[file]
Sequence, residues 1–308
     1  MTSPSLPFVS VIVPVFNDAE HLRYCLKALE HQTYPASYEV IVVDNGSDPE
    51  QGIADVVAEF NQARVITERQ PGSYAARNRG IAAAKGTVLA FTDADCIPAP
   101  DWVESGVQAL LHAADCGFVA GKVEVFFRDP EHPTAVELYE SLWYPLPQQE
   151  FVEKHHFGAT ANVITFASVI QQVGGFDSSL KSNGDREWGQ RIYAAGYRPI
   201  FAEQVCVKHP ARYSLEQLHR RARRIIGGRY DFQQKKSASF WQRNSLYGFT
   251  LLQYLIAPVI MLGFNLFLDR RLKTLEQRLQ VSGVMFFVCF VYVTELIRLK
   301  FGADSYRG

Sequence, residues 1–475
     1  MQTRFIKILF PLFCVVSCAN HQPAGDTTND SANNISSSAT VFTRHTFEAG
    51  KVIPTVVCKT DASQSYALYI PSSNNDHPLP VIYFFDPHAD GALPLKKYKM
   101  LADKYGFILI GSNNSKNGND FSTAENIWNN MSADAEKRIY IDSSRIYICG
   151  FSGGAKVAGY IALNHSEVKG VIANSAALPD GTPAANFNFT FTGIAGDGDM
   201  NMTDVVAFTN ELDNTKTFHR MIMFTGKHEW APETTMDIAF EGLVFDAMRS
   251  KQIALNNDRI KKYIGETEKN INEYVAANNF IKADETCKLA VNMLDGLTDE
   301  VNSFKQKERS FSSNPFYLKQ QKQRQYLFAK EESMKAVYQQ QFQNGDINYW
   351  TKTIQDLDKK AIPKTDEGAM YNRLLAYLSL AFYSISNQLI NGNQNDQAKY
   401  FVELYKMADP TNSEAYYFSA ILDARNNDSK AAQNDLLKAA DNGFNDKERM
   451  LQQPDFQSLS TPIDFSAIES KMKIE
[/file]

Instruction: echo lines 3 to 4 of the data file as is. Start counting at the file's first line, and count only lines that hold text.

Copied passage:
    51  QGIADVVAEF NQARVITERQ PGSYAARNRG IAAAKGTVLA FTDADCIPAP
   101  DWVESGVQAL LHAADCGFVA GKVEVFFRDP EHPTAVELYE SLWYPLPQQE